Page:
by KULVEER RANGER
BRITAIN’S political parties have finalized their candidates for the upcoming election. It has not been easy. A process that can take years has been compressed into weeks, stressing the party machines as they have attempted to keep some semblance of order and dare I say it, meritocracy in their selection processes.
Having been a general election candidate I know what an honour and privilege it is to be knocking on doors and asking people to lend you their vote and the responsibility you feel when people say they actually will.
I also appreciate the sacrifice candidates make; the impact on their families, their careers and yes, even financially in most cases. I want to wish good luck to all candidates who put themselves forward for public service but especially those from diverse backgrounds. It is not an easy thing to do.
I want to congratulate the Conservatives who have selected women in ever more numbers, and also Labour on their selection of two turban wearing candidates in winnable seats.
With no Sikhs having been part of the last Commons intake, this signifies a huge step forward. Although Britain does not have the volatility between cultures and communities that some countries do, representation from diverse backgrounds in our political system and civil service is not as advanced as in some countries, such as the US and Canada.
After last year’s referendum I recall the sense of shock and bewilderment I felt at being shouted at from a car as I walked in central London. The driver screamed: “Paki go home.”
Brexit Britain faces many economic challenges but after this election, we will need to take a long hard look at how we can continue to build the bonds and enable representation across all facets of society, including politics, which will keep our country’s communities united and proud to be British.
Leaked manifestos, real manifestos, the press run over (literally in one case), trial by TV sofa interviews and a huge cyber attack – the only thing missing in the past week is for the Russians to be blamed.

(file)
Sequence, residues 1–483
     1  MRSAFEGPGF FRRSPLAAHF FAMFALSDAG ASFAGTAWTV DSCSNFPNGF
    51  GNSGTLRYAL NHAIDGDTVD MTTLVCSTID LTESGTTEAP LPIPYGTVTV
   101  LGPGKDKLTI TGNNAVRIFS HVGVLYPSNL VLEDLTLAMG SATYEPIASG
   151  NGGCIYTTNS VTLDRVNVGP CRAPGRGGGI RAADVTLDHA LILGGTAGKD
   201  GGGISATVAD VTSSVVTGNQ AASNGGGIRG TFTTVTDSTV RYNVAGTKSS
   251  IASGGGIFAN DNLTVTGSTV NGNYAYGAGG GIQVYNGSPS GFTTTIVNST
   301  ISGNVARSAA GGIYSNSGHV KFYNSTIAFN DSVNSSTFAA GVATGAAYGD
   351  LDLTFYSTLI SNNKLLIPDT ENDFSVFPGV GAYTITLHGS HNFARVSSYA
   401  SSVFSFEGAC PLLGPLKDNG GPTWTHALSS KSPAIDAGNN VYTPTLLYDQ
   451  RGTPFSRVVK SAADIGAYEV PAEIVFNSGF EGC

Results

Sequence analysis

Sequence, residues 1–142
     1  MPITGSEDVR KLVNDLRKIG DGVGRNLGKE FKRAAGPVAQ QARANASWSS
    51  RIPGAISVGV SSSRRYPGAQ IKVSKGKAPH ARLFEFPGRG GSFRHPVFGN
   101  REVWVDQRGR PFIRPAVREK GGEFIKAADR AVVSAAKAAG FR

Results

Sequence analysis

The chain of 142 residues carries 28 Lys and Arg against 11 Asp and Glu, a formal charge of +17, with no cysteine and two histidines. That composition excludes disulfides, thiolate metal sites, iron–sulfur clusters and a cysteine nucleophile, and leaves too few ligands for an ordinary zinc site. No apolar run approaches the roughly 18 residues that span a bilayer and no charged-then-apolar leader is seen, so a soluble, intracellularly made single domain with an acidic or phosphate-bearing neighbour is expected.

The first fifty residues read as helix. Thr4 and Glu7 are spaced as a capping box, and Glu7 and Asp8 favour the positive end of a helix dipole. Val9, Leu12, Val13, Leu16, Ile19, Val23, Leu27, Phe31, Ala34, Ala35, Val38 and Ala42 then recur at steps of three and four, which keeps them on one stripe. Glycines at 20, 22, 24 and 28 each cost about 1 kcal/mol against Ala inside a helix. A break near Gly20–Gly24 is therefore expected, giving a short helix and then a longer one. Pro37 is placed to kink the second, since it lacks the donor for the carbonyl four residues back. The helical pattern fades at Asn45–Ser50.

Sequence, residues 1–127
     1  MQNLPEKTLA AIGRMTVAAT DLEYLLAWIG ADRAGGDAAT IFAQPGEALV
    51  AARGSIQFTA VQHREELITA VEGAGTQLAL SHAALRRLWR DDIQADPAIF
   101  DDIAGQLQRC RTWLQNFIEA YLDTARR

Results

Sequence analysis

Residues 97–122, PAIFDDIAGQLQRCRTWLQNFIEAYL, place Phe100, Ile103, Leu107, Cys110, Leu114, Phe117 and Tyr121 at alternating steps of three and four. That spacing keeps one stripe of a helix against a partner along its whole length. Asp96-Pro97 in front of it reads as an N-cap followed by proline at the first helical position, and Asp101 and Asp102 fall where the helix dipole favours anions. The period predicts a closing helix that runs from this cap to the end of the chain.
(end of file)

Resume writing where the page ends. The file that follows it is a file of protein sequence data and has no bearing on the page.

Another week passes with promises of taxing more like Robin Hood, increasing money for the NHS, enhancement of workers’ rights, better mental healthcare, support for something called the “gig economy” and nationalisation of key industries. The battle buses have returned too.
Team May and the Corbynistas are getting into their respective strides as they take their battle and policies to the streets of the nation.
Prime minister Theresa May embraced social media and took part in her first Facebook Live.
However, beware the challenges of embracing this new avenue for campaigning, for although the prime minister was as competent and measured as one would expect of someone whose mantra is “strong and stable”, her online session was at one point ambushed by thousands of angry emojis.
We had a glimpse into digital campaigns of the future, when policies will still be promoted, but the public will be able to instantly express their sentiment. So even more vital will be the ability engage, target and dare I suggest – marshal sentiment online.
In future politicians will have to demonstrate that they are not only capable of governing the country, but also navigating the cyber world.